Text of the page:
There’s no doubt we’ll see more electronics in the future of mountain biking, Shimano are bound to trickle down the technology to lower price points like on the road cycling domain with Dura Ace and Ultegra, and SRAM mustn’t be far off with a mountain bike version of their wireless road cycling drivetrain, Red E-Tap. Electronics enable things to happen at speeds that are unachievable with hand, and wires can travel places gear cables cannot.

The shifting on this bike is exceptional, super precise and never have we needed to tune the gears, the battery lasts for months and on those trails where you are shifting gears under load nothing compares to the precision and consistency of XTR Di2.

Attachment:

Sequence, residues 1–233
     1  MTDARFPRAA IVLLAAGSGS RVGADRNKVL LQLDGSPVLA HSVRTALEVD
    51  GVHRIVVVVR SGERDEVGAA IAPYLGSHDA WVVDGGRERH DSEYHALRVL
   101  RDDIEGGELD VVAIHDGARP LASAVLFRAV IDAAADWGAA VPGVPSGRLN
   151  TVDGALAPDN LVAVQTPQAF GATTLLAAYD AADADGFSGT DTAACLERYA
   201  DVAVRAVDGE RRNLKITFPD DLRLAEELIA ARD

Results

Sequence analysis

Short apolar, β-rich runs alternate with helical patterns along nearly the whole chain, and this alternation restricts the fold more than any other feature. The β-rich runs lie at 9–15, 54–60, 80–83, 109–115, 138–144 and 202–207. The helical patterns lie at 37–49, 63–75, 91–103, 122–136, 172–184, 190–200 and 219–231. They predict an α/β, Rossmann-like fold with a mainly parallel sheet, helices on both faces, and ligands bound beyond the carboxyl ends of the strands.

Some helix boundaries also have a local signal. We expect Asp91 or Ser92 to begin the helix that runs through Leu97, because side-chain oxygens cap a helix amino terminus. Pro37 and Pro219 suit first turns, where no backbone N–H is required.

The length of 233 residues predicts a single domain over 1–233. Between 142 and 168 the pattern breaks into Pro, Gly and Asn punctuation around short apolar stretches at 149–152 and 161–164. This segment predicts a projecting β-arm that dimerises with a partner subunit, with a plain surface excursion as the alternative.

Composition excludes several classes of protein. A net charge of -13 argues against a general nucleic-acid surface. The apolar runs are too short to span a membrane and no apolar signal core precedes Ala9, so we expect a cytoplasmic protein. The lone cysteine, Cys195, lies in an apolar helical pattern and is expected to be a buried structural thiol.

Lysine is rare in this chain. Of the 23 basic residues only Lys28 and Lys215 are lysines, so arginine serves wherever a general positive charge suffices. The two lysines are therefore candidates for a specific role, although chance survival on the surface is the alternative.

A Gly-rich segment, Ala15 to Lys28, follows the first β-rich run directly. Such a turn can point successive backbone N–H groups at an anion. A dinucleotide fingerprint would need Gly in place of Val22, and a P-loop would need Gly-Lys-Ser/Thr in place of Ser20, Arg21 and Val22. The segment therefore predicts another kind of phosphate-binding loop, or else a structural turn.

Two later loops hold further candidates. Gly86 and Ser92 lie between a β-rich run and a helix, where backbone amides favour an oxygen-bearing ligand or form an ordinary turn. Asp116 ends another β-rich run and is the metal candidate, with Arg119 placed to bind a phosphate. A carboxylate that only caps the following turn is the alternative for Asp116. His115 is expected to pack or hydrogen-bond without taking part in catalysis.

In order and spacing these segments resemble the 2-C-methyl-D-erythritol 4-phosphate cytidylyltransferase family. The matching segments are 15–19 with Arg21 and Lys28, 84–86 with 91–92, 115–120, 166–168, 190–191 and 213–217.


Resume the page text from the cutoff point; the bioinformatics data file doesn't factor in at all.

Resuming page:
The Pine Lime Express, as we like to call it. Strikes a good balance between ‘trail’ and ‘all mountain’.
Electrics, totally from the future.
The wires travel inside the handlebar, tricky.


While the Remedy doesn’t have any specific integration for the Di2 wires like some of the latest high end cross country bikes (Trek Top Fuel, Pivot Mach 4 etc) it’s turned out quite nicely. By using a couple of the rubber grommets and plugs that are supplied with the Trek road bikes specced with Di2 Ultegra or Dura Ace we’ve been able to make it look neat and secure.

One long wire travels from the rear derailleur through the chainstay and pops into view under the rear shock, then its back into the down tube where it exits alongside the rear brake and Reverb line before connecting to the computer. The battery is inside the fork steerer, made possible by the Pro Tharsis Di2 bar and stem.

At home on Sydney’s iconic sandstone.

PRO Tharsis Trail Di2 cockpit: